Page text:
As the stock market declined last week, I was riding in a school bus filled with third graders. As we headed to a museum, I looked out the window and couldn’t help but appreciate how fortunate I was to be on a bus with laughing children instead of sitting in an office behind a Bloomberg. I knew if I was still managing a mutual fund, I’d be spending most of my days desperately searching for value in one of the most unattractive opportunity sets in the history of financial markets. Instead of forcing myself to find value where valued doesn’t exist — also known as manufacturing opportunity — I continue to believe my best option is to remain patient and watch this cycle run its course from a safe distance.
As an absolute return investor eagerly waiting for free markets and investing (as I define it) to return, I was encouraged by last week’s fall in equity prices. However, the brief and shallow decline didn’t cause me to get overly excited about discovering value in the near-future. Until the current market cycle ends and valuations normalize, I expect opportunities will remain scarce. As such, I find little benefit in monitoring the daily movements in the markets and asset prices, even when they are falling. The decline that will eventually get me interested in allocating capital will most likely be considerably greater than Wednesday’s 1-2% hiccup (the past two cycle declines of 40-60% should suffice).
While I find the prices of most risk assets uninteresting, I continue to monitor the results and fundamentals of hundreds of publicly traded operating businesses. For my process and strategy to work, I need to be prepared to allocate capital at a moment’s notice. The market cycle is not obligated to provide investors with a formal notice or catalyst of its eventual demise. The abrupt ending of the internet stock bubble is a good example. When that cycle’s speculation bill arrived on March 10, 2000, it was unexpected, hefty, and due immediately. The decline was simply a result of an extremely overvalued market that stopped going up — it’s all that it took.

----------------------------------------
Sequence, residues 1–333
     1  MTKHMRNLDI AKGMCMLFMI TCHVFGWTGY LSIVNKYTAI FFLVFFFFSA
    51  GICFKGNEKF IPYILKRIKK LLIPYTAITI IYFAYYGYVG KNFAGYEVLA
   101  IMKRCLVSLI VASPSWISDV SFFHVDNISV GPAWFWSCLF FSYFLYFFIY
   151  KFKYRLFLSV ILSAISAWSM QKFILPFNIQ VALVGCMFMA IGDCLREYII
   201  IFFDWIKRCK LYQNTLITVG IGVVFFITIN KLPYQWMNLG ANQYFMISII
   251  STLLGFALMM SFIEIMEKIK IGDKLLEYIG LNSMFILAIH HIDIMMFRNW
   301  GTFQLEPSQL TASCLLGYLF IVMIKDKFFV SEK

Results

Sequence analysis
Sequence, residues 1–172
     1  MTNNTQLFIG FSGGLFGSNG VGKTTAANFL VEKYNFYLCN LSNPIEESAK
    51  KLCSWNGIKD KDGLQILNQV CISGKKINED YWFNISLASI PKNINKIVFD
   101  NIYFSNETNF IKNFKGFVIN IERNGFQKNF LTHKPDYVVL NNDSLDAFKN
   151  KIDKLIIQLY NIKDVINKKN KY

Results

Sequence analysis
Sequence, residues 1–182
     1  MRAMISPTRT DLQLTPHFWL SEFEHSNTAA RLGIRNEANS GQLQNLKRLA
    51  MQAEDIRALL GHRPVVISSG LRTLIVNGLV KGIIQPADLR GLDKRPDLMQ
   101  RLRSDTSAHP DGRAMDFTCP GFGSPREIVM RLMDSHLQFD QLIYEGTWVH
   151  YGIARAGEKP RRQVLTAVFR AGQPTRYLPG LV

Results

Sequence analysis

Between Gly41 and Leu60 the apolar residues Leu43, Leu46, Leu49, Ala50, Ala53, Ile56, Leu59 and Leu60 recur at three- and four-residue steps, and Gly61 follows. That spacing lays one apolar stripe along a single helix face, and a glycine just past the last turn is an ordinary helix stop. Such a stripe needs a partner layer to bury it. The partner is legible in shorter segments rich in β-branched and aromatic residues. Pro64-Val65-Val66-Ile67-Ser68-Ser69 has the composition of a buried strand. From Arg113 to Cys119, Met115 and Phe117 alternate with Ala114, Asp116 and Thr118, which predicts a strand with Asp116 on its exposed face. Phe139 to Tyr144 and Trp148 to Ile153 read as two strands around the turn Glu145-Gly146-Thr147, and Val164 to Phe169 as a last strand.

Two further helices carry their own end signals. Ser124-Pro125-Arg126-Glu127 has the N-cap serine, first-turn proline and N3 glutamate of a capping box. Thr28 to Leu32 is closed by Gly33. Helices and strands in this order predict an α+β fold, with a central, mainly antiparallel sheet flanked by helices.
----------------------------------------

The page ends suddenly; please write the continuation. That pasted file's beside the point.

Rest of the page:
This year has been a record-breaking year for initial public offerings with companies going public via SPAC mergers, direct listings and standard IPOS. At Techlive this week, Jack Cassel of Nasdaq and A.J. Murphy of Standard Industries joined Willem Marx of The Wall Street Journal and Barron's Group to talk about companies and trends in Read More
Instead of watching investors buy the latest dip last week, I used my time to get caught up on consumer company earnings reports and conference calls. Earnings were mixed with some consumer companies reporting better than expected results, while others remained weak. Overall, in my opinion, the consumer environment has not changed meaningfully. For companies further removed from asset inflation, same-store sales comparisons remain in the very low positive to negative single-digits — it’s stagnant. As I noted in a previous post, unless the consumer can rebound, I expect the recent bounce in aggregate earnings to lose steam later this year (easy comparisons with energy and industrial companies will begin to fade in Q3/Q4).
Below are some highlights of recent earnings reports and conference calls.